Salesforce prides itself on its partner network and its collective offering known as the AppExchange. In addition to its own developers and research teams, it has done an excellent job of creating a marketplace for smaller companies to design and build applications that extend what Salesforce.com does on its own. This partner echosystemhas become a breeding ground for innovation.. At last count, there are over 2,000 partner applications offered on the AppExchange (which might also account for the large numbers of blue conference badges swarming all over San Francisco this week). That has led to almost constant evolution of the software and innovation in almost every direction.
Now the reality is that Salesforce.com doesn’t have the best reputation as a partner. For example, at Dreamforce this week, they launched their new analytics package, which will compete directly with several of their best partners. But in any case, the end result is still innovation. People are constantly thinking of new ways to use technology to support sales, marketing and service. And that’s good for customers, partners and Salesforce.com.
The Value of Big Data
The final reason for Salesforce.com’s success isn’t paraded around as much, but I think it’s the most important one and something all of us as strategists, technologists and even consumers should care the most about.
Salesforce.com has found a way to make it so easy for users to enter customer/prospect data. This, along with being in the cloud and a low cost of entry, has made CRM accessible to, not only Fortune 500 companies, but small businesses alike. They have helped pioneer a shift from customers being “owned” by individual sales people or account managers to becoming part of the DNA of the entire company. The accessibility of this data has, in turn, led to many companies becoming more customer-centric. It is this connection of collecting customer data with the act of using that data to deliver more personalized and relevant customer experiences that to me is the greatest contribution they have made to the world of customer relationship management.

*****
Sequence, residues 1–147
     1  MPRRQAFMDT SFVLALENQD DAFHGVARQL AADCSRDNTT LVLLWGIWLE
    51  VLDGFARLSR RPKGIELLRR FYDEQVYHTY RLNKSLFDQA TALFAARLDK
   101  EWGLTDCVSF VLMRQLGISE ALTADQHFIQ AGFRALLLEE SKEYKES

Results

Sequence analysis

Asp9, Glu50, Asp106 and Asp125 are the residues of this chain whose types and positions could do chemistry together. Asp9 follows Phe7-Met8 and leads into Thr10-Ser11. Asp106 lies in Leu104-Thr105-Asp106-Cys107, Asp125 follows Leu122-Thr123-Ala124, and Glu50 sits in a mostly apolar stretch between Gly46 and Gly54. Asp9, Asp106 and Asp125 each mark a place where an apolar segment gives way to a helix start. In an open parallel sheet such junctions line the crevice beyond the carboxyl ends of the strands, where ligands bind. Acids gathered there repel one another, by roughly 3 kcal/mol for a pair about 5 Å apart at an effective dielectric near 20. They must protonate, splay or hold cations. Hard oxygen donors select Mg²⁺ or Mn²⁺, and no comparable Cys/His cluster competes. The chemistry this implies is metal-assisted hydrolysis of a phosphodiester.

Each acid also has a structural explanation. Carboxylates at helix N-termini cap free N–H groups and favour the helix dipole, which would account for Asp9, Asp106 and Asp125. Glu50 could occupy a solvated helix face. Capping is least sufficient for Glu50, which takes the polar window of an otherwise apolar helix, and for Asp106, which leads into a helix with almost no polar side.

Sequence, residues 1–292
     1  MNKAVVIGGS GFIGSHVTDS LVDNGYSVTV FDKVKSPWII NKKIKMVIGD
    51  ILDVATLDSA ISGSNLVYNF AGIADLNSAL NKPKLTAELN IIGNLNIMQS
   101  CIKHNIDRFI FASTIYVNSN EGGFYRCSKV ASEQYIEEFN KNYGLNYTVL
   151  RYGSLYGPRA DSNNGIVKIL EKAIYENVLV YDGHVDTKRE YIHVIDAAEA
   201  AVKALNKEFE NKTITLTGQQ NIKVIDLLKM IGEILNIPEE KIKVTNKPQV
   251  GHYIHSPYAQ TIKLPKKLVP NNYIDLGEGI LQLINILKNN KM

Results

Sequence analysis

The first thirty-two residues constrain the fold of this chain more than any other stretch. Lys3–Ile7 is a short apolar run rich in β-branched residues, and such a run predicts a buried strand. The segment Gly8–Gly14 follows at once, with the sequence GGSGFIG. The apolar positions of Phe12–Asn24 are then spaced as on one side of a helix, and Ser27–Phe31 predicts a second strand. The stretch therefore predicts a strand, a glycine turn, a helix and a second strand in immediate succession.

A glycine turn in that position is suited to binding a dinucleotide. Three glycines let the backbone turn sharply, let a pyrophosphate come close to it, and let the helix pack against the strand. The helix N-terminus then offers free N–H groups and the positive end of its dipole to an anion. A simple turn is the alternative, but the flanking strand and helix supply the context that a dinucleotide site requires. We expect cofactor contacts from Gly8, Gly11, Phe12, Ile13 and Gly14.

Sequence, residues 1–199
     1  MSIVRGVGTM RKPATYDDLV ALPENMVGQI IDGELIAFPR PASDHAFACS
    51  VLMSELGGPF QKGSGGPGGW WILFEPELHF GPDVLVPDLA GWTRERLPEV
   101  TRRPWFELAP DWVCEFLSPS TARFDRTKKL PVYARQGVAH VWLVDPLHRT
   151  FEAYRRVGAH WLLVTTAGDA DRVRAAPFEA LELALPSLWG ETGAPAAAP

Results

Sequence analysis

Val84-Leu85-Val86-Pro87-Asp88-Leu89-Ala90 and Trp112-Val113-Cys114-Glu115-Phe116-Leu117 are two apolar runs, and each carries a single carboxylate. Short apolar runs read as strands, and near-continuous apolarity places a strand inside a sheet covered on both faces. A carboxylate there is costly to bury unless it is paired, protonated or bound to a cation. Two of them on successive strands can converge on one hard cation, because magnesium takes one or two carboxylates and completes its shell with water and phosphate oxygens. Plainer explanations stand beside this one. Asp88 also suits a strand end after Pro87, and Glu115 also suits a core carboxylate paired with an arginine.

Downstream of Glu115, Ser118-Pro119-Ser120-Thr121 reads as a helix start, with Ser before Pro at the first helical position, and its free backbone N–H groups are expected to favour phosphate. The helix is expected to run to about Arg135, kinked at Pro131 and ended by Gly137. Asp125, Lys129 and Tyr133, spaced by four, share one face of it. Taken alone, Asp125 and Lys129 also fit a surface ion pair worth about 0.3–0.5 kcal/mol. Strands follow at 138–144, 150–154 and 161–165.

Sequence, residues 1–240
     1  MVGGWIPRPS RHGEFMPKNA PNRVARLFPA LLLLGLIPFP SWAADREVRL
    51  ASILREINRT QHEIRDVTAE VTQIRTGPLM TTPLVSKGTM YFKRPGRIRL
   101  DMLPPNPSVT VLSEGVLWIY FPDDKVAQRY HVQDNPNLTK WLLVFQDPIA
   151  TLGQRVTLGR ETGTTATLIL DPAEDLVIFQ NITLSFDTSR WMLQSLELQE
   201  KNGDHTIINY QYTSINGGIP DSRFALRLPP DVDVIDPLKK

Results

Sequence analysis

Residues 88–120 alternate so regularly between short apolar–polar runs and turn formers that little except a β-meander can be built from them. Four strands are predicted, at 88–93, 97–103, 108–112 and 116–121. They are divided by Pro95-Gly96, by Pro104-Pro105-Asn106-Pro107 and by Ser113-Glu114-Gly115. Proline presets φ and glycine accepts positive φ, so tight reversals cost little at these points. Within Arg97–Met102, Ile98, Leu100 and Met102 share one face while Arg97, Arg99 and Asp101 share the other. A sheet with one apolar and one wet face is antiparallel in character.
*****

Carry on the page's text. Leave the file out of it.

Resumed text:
Too often, I see big brands conduct a lot of research, hire a herd of data scientists and produce reams of reports, agency briefs and position papers, most of which never is acted upon. Terrabytes of data is collected every day, yet very few companies leverage that data when they think about customer experience. They don’t leverage the data to understand what their customers are really interested in. They don’t use the data as triggers to serve up more relevant and contextual customer experiences and they don’t create close loop systems of measurement that really connect the data with the business outcomes they’re supposed to impact.
Does Salesforce.com have all the answers? No, I don’t think so. But what we can all learn from them is that if we use our data – be it in CRM, ERP, or other data warehouses, in innovative ways, you can create new and more engaging customer experiences. Basically, your brand…better. So thanks, Dreamforce, for sharing my thoughts on seeing customer experience as, not only technology, but as a new way to do business.